I got to wondering the other day what kind of training professional mechanics get? Here in the San Jose area there are a lot of engineers and scientists I encounter, and I know they go to a lot of training seminars, some held at their place of business, and some held in other states and countries. To keep up with new technology. I think they probably spend 10% of their time doing training, just a guess, but I think that’s pretty close. The companies pay them for doing it, pay for their travel if necessary, and pay for the classes, etc.
So what about pro mechanics? I’m not talking about the initial training, trade schools, apprenticeships, etc, but after you become an established mechanic, you still need to do periodic training sessions, right? The auto manufacturers change things every year which affect how to diagnose, maintain, and repair their cars. How to get the info you need from the car’s computer system, etc, that changes every year probably. Trends that develop from known design problems, like those Ford spark plugs that tended to break in half when you remove them.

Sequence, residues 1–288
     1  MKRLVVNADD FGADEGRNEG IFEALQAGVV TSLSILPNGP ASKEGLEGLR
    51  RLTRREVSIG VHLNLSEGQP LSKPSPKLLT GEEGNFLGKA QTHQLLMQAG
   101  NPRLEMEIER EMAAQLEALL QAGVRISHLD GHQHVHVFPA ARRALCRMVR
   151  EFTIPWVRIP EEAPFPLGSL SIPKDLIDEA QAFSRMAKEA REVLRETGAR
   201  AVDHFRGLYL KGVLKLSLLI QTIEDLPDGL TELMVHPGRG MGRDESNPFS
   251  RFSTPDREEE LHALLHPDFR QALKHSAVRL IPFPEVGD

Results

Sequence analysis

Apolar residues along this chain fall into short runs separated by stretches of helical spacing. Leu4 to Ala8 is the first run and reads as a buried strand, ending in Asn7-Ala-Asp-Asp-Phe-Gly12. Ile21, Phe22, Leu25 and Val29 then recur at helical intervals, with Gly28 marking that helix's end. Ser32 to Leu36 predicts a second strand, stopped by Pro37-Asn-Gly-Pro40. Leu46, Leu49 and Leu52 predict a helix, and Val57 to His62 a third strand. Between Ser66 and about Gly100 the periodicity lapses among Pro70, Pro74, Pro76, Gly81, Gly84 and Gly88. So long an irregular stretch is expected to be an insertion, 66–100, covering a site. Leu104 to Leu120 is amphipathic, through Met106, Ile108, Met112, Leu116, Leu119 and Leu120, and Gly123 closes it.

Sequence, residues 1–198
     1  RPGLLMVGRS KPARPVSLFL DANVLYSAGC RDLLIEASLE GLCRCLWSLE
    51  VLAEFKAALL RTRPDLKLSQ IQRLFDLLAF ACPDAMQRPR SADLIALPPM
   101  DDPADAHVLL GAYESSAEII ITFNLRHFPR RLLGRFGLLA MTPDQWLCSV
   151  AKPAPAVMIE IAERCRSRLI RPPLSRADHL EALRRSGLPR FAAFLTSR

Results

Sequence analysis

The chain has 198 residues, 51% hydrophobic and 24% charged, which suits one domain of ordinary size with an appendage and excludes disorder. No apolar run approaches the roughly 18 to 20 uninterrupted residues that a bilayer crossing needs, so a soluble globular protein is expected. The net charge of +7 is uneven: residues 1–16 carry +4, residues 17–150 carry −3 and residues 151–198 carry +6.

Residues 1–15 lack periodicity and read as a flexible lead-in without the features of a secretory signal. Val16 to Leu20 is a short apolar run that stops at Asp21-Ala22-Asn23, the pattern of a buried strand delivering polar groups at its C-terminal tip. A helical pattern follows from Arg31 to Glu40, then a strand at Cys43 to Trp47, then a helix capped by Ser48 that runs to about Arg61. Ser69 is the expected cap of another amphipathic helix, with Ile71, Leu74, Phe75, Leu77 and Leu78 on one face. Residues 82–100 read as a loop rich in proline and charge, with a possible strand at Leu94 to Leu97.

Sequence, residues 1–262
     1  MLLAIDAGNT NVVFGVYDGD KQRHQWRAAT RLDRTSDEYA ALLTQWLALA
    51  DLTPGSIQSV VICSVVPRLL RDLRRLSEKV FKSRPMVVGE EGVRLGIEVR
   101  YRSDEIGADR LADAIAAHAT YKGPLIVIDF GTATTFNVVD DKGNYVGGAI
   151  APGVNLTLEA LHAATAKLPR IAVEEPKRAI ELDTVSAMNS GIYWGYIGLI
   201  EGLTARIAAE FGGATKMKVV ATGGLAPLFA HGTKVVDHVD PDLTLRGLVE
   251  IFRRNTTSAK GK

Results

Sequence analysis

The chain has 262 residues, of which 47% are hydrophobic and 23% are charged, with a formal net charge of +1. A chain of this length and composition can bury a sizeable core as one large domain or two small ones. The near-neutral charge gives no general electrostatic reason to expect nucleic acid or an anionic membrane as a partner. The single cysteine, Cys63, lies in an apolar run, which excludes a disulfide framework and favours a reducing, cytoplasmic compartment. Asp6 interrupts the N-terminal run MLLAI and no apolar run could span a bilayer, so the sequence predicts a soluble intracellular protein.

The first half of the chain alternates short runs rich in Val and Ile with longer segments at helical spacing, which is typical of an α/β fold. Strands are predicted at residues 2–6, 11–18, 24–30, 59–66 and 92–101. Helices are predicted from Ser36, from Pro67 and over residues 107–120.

So how do pro mechanics get this kind of periodic training? Phoning up other mechanics and asking what’s new? By doing their own individual research from trade journals? By figuring it out on the spot, when a customer’s problem presents itself, and you read what you need to learn to fix the problem from All Data or the manufacture’s website? Or do you take a break from wrenching from time to time and go somewhere to a class room situation and have instructors train you on new things appearing in cars that affect mechanics? Do you get paid for this training time?